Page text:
We see that this is some sort of “rigidity” condition. In Berthelot and Ogus, they claim that Grothendieck coined the term crystal because it has two properties, it is both “rigid” as we saw and it “grows” over PD thickenings (this is automatically satisfied because it is a sheaf). A trivial example of a crystal is {\mathcal{O}_X} itself. A nontrivial, but incredibly useful example of a crystal is given any closed immersion (over some fixed PD scheme) {i: Y\hookrightarrow X} the sheaf {i_{crys *}(\mathcal{O}_Y)} is an {\mathcal{O}_X}-crystal.

Suppose now we have some fixed (PD) base {S}. In order to extend Dieudonne theory to this new sense of crystals, we might want a functor {\mathbb{D}} that sends a {p}-divisible group to an {\mathcal{O}_S}-crystal. There is such a functor, but its construction requires us to know that the deformations of any {p}-divisible group are unobstructed. This brings me to the point of this post. We want to understand the deformation theory of {p}-divisible groups.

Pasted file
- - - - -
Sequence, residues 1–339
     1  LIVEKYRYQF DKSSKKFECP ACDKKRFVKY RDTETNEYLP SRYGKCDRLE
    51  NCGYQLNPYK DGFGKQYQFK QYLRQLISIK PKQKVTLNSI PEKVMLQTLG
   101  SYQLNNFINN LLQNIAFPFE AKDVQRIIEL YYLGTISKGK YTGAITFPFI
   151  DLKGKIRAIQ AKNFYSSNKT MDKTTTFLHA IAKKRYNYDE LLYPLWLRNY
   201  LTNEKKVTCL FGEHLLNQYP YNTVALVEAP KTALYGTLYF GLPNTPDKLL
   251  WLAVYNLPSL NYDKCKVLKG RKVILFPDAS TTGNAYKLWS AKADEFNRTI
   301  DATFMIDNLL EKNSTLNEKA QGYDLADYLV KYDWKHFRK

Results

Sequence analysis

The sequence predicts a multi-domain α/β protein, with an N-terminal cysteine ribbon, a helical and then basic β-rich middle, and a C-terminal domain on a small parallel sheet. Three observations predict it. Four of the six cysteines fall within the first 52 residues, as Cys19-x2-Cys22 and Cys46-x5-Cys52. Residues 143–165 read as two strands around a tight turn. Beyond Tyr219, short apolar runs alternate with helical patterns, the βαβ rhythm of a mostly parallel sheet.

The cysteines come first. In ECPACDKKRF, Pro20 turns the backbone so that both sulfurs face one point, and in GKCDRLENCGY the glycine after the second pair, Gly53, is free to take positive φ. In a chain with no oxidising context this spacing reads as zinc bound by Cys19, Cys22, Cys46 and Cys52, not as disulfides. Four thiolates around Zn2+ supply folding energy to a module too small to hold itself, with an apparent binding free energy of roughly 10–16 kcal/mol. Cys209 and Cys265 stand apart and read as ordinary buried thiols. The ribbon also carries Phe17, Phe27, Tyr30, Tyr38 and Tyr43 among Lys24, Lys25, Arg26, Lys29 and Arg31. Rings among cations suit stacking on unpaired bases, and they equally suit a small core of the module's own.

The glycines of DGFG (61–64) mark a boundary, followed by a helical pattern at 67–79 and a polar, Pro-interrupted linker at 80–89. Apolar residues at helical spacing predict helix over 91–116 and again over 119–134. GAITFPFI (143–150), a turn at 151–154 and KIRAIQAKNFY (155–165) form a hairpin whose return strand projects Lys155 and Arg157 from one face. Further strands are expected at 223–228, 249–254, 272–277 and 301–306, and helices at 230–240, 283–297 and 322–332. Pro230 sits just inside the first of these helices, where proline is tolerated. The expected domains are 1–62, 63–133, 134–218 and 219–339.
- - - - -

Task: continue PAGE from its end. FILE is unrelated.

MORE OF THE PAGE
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Stratification 3: The Definition

Last time we looked at the characteristic {0} case to figure out how our old definition of a connection on a sheaf could be rephrased in terms of a “parallel transport” rule. This took the form of giving an isomorphism {(p_1^*\mathcal{E})|_{X^{(2)}}\rightarrow (p_2^*\mathcal{E})|_{X^{(2)}}} that restricted to the identity on the diagonal. Moreover, if the connection is integrable you can lift these isomorphisms to all infinitesimal neighborhoods of the diagonal {X^{(n)}} so that the restrictions are all the previous ones (they are compatible).